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HOW I DESTROYED A GREAT BUSINESS

Tales from the Trenches …

by John Ingrisano

The Freestyle Entrepreneur

[If you have a story of business success or failure – how you did something amazing right or downright stupidly wrong, and would care to share it – send me an email with as much detail as possible.  If your tale is chosen, I will feature it here and send you a copy of my book, The Back to Basics Book of Selling.]

 

A long time ago, during my wanderlust days, I started a Jimmy Buffett store, The Last Mango in Paradise, on St. Thomas in the United States Virgin Islands.  It had winner written all over it. 

 

Though the choice of St. Thomas was not perfect (the island is rife with racial tension and has a very bad business climate), the business plan was rock solid.  I projected that we would be in the black and making profits by the end of one year, and from there I projected profits growing by 15% or more a year.  It was a winner, with a terrific and multi-generational market, based on the ongoing popularity of the singer Jimmy Buffett. 

 

However, I made two mistakes, both involving personnel:  First, in a long moment of mental stupidity, I made my wife (a second wife, with no financial stake in my life) at that time my equal business partner.  I did this even though (1) she had zero business experience, other than as a clerk in various retail stores; and (2) the investment capital consisted 100 percent of my money.  (See this one coming yet?  I didn’t.  Oh, but there is more.)

 

Second, I hired my wife’s daughter and – just to prove how stupid a person can be when he puts his mind to it – the daughter’s boyfriend.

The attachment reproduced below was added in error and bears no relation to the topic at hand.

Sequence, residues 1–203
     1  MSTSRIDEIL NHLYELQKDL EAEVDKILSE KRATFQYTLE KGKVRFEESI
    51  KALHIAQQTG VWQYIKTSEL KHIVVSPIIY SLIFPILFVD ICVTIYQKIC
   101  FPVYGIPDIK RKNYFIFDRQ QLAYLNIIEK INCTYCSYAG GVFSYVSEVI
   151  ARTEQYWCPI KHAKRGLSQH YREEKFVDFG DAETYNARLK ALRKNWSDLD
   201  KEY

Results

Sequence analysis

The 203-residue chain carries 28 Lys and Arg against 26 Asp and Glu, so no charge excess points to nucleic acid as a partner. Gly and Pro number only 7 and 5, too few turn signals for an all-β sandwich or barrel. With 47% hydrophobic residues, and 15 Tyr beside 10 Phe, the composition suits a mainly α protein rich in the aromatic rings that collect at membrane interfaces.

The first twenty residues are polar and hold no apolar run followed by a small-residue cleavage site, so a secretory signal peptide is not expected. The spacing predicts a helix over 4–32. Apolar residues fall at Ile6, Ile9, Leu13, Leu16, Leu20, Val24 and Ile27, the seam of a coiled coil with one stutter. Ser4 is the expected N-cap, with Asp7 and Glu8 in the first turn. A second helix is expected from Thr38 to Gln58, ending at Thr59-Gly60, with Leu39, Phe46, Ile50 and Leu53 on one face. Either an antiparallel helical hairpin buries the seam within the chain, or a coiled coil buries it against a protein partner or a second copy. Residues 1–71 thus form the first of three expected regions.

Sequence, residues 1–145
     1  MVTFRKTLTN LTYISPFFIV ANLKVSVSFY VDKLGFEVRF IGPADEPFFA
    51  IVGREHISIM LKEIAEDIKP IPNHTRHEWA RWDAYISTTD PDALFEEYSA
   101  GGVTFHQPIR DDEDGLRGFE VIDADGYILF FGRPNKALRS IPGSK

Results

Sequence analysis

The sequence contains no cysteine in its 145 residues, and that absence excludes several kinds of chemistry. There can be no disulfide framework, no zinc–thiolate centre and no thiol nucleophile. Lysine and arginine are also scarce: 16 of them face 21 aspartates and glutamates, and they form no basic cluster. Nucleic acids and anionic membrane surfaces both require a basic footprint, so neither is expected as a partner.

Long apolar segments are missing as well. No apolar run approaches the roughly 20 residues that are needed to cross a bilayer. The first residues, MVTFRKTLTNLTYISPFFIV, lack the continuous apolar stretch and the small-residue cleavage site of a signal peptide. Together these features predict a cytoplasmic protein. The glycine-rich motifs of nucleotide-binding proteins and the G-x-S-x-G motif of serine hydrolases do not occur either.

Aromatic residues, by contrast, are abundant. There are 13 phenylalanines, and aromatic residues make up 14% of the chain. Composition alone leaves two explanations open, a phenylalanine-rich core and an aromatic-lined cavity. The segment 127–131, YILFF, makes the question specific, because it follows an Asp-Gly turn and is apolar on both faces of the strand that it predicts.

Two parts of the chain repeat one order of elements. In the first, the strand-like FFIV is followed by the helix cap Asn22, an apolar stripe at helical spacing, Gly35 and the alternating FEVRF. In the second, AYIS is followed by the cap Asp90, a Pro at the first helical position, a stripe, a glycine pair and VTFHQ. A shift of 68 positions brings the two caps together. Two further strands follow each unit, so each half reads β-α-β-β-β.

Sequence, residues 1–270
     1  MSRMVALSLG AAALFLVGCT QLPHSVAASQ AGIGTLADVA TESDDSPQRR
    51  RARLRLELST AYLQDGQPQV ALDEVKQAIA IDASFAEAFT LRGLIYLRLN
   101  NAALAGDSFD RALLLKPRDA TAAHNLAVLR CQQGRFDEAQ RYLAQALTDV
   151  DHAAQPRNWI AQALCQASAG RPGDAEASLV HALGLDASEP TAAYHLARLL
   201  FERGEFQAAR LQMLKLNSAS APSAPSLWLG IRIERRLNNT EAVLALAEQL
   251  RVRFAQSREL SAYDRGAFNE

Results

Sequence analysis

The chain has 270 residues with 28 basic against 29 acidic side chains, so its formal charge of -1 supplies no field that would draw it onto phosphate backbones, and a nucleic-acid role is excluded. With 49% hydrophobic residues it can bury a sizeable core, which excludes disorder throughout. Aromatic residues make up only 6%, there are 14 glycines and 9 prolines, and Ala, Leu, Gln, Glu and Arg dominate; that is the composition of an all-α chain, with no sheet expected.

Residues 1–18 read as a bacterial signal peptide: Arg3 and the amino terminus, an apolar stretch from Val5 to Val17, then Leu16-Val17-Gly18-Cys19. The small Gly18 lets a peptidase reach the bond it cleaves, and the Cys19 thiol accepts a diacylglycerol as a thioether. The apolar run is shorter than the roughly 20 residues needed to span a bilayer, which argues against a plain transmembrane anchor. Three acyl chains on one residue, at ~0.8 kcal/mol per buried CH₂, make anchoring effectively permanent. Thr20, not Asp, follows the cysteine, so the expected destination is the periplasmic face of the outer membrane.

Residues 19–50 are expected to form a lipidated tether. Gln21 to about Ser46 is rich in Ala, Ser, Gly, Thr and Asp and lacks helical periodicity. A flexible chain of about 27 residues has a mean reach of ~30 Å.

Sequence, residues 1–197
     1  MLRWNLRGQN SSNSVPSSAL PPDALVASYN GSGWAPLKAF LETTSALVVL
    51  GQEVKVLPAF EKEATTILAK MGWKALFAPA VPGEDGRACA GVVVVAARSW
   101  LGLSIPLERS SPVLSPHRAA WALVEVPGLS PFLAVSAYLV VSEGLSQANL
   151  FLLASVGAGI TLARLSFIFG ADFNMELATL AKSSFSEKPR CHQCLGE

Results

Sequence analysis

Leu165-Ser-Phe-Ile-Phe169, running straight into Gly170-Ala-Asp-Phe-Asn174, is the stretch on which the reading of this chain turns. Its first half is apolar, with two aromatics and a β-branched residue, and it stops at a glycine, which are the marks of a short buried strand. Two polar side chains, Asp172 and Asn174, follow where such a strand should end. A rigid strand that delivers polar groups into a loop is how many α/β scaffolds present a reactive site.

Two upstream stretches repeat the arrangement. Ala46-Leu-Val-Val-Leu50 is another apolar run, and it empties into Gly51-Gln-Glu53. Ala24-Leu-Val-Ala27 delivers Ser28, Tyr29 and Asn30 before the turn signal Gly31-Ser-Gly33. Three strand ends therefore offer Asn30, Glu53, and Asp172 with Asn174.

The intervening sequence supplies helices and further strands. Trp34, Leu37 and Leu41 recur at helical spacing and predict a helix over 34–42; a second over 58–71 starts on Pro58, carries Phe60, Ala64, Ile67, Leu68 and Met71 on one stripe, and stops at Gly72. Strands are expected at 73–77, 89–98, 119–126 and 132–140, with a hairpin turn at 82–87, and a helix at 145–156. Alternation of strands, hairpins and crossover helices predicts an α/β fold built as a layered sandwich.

From the beginning, right after all the legal documents were signed, I knew I was in trouble.  As a businessman, I know that running a business involves continual (if not continuous) attention to detail.  Once we had the store up and running, I devoted my days, endlessly, to finding ways to increase sales by a percent or two here and there, as well as cutting expenses by a few cents here, a dollar or two there. 

 

Meanwhile, my wife (ex-wife today and long gone, by the way) thought that running a business meant sitting behind the counter and ringing up sales.  Just as bad, we ended up padding the daughter and boyfriend’s hours.  Why?  Because they needed the money.  In the end, challenged at every turn, I watched the business go under, right when it should have begun to take off and make money. 

 

The moral to the story:  A business exists to make money.  It is NOT a social (or family) welfare program.  If it had it to do over again, I would have hired the wife as an employee (if at all) and never have hired the daughter and boyfriend … except maybe from time to time, on a part-time basis. 

 

So, lesson learned.  Several hundred thousand dollars poorer, but a lot wiser … and still kicking!  It was a great idea, one destined to make lots of money for someone.  However, I made several important decisions for the wrong reasons.  They cost me big time. 

 

When it comes to your business, be hard-nosed.  No matter what friends, family and the social engineers may say (none of whom is going to risk a penny of his/her own money in your business), a business exists to make things and to make money.

 

So work hard, make money, have fun … and keep control of your business.   

 

John R. Ingrisano
The Freestyle Entrepreneur
john@TheFreestyleEntrepreneur.com

 

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